to cause the crew to be stranded, and the episode presents aq
imperfect "Star Trek" starship captain.
What "Voyager" needs is to continue to go where no one
has gone before. It is a show that has struggled at times to be
unique but has often ended up mimicking its three predeces-
But "Voyager" has improved. Characters are taking shape,
and recent plots and episodes have been drawing attention.
So it might be worth checking out next week's episode which
deals with the creation of a 29th-Century Borg drone.
"Voyager" may soon no longer be the ugly duckling, or
borg drone recently cut off from the collective, of the "Star
Trek" universe. The path back to Earth looks very bright.

Courtesy 0 fUPN
Kate Mulgrew stars as Captain Janeway In "Star Trek:
Voyager" on UPN.

530 E. liberty, Ann Arbor 761.4539
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hardly does original 'Contra' justice

C: The Contra Adventure

Anyone ever interested in action/platform games has
had to have heard of "Contra," perhaps the best of the
genre. The player is a soldier battling hordes and hordes
of aliens with powerful weapons, like homing missiles
and lasers. But if you thought that you've seen it all
from the "Contra" series, think again, because this time
it's a whole new ballgame.
"Konami," like "Capcom," belongs to a group of
powerful video game companies out right now. "Contra"
is like "Street Fighter" to "Capcom;" it's one ofthe lead-
ing titles that made "Konami" famous. In "C," the play-
er still has to kill the alien enemy who has nothing bet-
ter to do than to invade the peaceful little planet. Yes, the
game still has all the original but impressive weapons,
and the aliens are still difficult to kill.
What is fascinating about "C" is the different game-

play it offers.
"Konami" had a "Contra" game for Playstation
already, and it flopped because it used an overhead per-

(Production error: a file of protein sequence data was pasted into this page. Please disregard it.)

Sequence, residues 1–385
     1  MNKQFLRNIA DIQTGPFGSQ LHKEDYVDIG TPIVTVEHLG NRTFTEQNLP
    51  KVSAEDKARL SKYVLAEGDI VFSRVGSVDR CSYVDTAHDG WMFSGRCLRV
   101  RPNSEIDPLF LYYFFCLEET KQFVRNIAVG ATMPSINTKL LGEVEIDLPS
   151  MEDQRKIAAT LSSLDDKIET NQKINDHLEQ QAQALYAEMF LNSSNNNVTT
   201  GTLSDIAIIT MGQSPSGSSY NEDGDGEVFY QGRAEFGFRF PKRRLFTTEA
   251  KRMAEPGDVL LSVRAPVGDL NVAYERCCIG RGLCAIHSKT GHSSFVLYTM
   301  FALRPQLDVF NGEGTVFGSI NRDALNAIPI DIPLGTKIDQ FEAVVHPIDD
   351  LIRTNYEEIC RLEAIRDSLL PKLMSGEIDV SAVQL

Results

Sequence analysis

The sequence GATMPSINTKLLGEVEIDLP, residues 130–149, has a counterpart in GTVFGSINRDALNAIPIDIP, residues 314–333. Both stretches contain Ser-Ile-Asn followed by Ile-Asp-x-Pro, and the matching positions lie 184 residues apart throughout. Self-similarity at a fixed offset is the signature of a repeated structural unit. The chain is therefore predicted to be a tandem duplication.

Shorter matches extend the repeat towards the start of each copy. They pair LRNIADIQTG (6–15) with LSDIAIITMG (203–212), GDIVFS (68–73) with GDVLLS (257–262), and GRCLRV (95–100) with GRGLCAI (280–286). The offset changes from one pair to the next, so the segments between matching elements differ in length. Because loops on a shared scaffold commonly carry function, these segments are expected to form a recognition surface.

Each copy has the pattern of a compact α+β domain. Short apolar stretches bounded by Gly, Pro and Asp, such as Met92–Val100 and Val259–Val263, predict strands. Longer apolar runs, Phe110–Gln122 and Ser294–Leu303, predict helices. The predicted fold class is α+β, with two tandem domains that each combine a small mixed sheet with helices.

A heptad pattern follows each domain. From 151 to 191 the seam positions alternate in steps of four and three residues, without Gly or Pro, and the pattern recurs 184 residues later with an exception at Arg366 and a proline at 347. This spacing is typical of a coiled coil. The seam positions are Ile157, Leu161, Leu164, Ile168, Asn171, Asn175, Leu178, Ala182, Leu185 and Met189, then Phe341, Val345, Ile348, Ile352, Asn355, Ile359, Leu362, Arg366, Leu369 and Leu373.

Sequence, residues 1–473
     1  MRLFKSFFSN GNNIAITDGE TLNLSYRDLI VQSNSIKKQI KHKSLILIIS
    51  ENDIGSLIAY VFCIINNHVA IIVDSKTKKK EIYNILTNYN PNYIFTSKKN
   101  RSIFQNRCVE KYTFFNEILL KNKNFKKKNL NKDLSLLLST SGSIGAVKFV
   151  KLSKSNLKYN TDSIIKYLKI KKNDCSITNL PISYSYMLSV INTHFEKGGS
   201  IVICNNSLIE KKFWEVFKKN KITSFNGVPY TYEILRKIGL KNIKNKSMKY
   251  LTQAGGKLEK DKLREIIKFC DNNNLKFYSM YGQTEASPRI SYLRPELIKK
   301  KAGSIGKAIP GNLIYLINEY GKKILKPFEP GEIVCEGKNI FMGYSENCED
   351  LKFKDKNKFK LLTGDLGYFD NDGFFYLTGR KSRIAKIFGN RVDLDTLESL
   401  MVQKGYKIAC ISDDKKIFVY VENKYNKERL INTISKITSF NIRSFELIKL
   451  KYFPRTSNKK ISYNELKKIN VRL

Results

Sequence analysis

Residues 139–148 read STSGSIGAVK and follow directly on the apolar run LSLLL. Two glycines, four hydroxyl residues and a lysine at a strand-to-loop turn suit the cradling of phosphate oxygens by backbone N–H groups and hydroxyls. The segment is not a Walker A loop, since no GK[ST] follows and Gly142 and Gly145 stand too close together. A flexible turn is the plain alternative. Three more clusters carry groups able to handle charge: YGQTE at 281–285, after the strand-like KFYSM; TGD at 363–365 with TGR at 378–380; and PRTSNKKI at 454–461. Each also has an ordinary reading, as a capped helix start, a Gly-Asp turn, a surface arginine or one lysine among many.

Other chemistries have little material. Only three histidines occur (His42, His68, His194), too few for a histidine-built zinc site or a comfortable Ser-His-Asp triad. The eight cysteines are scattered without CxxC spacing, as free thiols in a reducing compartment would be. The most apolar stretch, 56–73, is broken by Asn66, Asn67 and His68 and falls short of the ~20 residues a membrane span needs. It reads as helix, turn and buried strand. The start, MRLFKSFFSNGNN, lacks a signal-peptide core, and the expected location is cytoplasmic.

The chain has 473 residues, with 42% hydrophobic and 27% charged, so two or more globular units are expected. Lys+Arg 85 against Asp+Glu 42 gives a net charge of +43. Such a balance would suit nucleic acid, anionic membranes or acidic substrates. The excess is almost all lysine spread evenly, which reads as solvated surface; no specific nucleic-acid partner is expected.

spective with cheap 3-D glasses. People were disap-
pointed, not to mention that they looked silly wearing
glasses. This time "Konami" returned to the tried-and-
true side-scrolling perspective in parts of the game, so
the playing experience will be reminiscent of the good
ol' days of "Contra" on the Nintendo and the Super
Nintendo systems. The player will also enjoy the dec-
ent gameplay and the cool visual effects.
In the second stage, "Konami" starts to experiment.
We have a new third person 3-D perspective that is a
mixture of "Tomb Raider" with the attitude of "Duke
Nukem." Although it was not as captivating as the side-
scrolling perspective, it was a fine try and actually
proved to be interesting to play. The player even has a
laser pointer for the gun. But after that, we have the
warped overhead view, where visibility is relatively
nothing. This is aggravating because a player can be
cruising through the whole level, and then suddenly

become blind. The bosses were off-screen, and ono
can't judge the distance of the bullets nor the level .of
the gun, not to mention that the figure is small as lint o
the screen.
Another flaw of "C" is that it is just for one player
"Contra" was always for two players. Why change?
But despite all the bad points, "C" is a decent game.,
It definitely beats the first Playstation "Contra" The
controls are good and the music and sound effects are
fitting. The graphics are up to date with some well-,:
designed 3-D and lighting effects. The difficulty is a lit-
tle high, but that's expected from a "Contra" game.
Konami definitely deserves credit for trying this new
third-person 3-D perspective.
Overall, the game contains many perks to keep y
interested for a while, but it would be betterW.
"Konami" would simply create a straight up "Contra"
game that is an upgrade of the original.
We already know what works best, so why try the
- Stephen Ma

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er 15, 1998